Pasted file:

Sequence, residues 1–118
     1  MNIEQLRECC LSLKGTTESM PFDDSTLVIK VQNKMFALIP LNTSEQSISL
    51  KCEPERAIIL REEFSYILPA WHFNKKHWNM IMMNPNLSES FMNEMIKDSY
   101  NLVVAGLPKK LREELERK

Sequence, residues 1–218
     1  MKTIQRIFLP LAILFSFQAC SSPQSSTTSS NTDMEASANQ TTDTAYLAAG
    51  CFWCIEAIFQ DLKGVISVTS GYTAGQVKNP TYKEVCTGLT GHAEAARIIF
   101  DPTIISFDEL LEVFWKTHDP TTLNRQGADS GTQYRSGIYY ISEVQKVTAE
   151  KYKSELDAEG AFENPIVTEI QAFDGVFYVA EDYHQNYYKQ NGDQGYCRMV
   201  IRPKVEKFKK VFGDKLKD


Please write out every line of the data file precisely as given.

Sequence, residues 1–118
     1  MNIEQLRECC LSLKGTTESM PFDDSTLVIK VQNKMFALIP LNTSEQSISL
    51  KCEPERAIIL REEFSYILPA WHFNKKHWNM IMMNPNLSES FMNEMIKDSY
   101  NLVVAGLPKK LREELERK

Sequence, residues 1–218
     1  MKTIQRIFLP LAILFSFQAC SSPQSSTTSS NTDMEASANQ TTDTAYLAAG
    51  CFWCIEAIFQ DLKGVISVTS GYTAGQVKNP TYKEVCTGLT GHAEAARIIF
   101  DPTIISFDEL LEVFWKTHDP TTLNRQGADS GTQYRSGIYY ISEVQKVTAE
   151  KYKSELDAEG AFENPIVTEI QAFDGVFYVA EDYHQNYYKQ NGDQGYCRMV
   201  IRPKVEKFKK VFGDKLKD